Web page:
Alternatives to and within capitalism

Baumol, William J., Robert E. Litan, and Carl J. Schramm. Good Capitalism, Bad Capitalism, and the Economics of Growth and Prosperity. New Haven & London: Yale University Press, 2007.

Baumol et al. start from the common premise that, since the collapse of the Socialist bloc, "There is no alternative" ("TINA") to capitalism, by which they mean an economy where “most or at least a substantial proportion of its means of production -- its farms, its factories, its complex machinery -- are in private hands, rather than being owned and operated by the government." (p. 62) Socialized ownership of the means of production and central planning collapsed with the Berlin wall, and what they call “precapitalist” economies, as in Afghanistan and Somalia, where the only property rights are those defended by warring clans, are just not viable.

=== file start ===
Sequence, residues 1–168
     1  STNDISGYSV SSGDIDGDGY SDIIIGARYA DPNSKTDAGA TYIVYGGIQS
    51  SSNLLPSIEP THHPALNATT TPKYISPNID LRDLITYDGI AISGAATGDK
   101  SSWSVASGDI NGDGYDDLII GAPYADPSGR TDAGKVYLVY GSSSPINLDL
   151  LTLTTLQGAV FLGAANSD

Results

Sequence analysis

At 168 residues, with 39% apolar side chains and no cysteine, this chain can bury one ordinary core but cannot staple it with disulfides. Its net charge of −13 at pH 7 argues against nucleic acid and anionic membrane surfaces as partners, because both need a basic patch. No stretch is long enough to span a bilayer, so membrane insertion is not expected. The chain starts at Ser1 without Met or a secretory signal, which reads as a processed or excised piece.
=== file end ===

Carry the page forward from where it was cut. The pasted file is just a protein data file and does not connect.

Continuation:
But, the authors insist, there are at least four alternative forms of capitalism, some much better at promoting growth and prosperity than others.

"Oligarchic” capitalism, where a few rich families own everything that produces wealth and make sure nobody else gets any, is “bad” capitalism. Not just because of its unfairness, but because the oligarchs are too ignorant, too indolent and too self-occupied to invest in anything productive. Of course, they really don't have a lot of margin -- after their country club dues, luxury estate management, imported automobiles, foreign vacations, and other obligations of their class, they have to spend much of their country's wealth on army and police to shoot, beat or intimidate those pesky peasants who want to change things -- which, as we have seen in El Salvador, Nicaragua, Vietnam and other places, can get very, very expensive if those rebels are serious, well-organized, and can get funded somehow.